“He talked on, said how the Reverend Biddle talked of Creation as though it had been a mere seven-day investment, like putting up a bar, a task with a beginning, middle, and a definite end. Not so. “Look out there,” he said in a voice that suddenly demanded attention. “Creation is forever. Not made, boy, but being made, always.” - Albert from The Earth is Enough, by Harry Middleton
Many of us toil in the arena of projects. Projects that have significant beginnings as well as definite endings. They begin in the form little nudges that shake us out of bed in the middle of the night and end in the ever-looming D-Day’s that seem to come sooner than we think.
I’ve been living in the land of the deadline lately and I’m frankly finding it to be terribly anxiety producing. Why anyone would even venture to give a “due date” on a human baby’s expected delivery is crazy-making if you ask me.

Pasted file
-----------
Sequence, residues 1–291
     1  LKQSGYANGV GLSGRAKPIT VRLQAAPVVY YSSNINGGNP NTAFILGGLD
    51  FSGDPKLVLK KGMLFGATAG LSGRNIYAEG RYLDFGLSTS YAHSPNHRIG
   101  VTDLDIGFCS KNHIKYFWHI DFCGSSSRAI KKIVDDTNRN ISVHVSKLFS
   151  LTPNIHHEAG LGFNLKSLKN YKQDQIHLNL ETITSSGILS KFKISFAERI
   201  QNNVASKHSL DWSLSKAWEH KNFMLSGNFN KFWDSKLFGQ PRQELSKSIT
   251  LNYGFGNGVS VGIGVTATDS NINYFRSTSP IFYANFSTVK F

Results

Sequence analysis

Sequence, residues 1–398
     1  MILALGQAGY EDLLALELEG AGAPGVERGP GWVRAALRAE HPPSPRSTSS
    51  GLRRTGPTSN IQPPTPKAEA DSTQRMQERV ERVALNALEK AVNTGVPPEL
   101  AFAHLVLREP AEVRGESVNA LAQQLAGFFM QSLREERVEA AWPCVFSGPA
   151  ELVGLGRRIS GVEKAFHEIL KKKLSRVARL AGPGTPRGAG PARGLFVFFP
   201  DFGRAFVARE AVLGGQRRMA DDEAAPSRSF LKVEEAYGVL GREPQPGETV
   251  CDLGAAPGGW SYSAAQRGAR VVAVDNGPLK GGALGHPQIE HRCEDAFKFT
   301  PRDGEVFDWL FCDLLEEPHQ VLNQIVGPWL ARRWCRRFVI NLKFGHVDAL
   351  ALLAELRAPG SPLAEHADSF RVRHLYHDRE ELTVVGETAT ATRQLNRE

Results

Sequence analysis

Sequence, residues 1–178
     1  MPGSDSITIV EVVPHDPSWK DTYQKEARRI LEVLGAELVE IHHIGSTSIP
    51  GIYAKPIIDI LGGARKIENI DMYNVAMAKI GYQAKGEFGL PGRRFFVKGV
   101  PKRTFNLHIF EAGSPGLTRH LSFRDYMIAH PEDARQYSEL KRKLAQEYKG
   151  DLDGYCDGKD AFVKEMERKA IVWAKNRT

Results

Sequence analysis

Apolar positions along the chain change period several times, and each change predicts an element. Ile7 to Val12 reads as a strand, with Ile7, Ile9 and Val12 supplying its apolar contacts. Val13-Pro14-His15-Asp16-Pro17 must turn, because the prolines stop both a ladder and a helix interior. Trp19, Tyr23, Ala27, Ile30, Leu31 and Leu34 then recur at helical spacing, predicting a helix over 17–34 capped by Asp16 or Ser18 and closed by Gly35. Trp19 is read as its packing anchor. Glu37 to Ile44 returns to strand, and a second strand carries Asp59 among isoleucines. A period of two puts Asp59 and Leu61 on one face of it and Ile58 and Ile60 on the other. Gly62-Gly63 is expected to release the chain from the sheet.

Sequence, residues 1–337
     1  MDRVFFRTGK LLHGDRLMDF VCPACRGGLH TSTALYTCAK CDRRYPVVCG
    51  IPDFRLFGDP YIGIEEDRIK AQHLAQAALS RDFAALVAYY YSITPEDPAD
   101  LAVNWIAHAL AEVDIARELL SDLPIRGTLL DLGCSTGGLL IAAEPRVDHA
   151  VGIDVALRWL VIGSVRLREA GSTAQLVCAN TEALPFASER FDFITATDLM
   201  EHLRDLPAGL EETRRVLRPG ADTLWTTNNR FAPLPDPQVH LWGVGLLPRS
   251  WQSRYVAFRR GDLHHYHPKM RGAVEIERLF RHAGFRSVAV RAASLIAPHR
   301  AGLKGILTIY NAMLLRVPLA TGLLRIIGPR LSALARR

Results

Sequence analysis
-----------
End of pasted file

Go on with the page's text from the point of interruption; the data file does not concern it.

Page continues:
I keep thinking if I can just get this or that done before April 29th I’ll be fine. If I can get the crib made this weekend, then I can relax. If we can get this part of the film edited before Friday, then I can breathe. If I can just get things finished before the baby comes then all shall be well.
But like Albert’s Reverend warns us, creation is not a finite activity with such neat and tidy endings, no, it goes on forever.
How might we approach our projects (or our lives for that matter) differently, if we believed that the process of creation went on forever?
I imagine we’d be a little more gracious. Maybe let ourselves off the hook?
I’m not saying we shouldn’t give ourselves deadlines. That would be foolish and dumb. If we have forever to work on something we’d never complete a thing. What I am trying to say, however, is that there might be great joy and relief in knowing that the work of creation (a piece of art, raising a child) actually goes on forever.
If the work is never done I probably don’t need to finish everything now.
May you (and I, in particular) work toward the grace that eternity offers and give yourself a break.
You know you’re working way too hard anyway.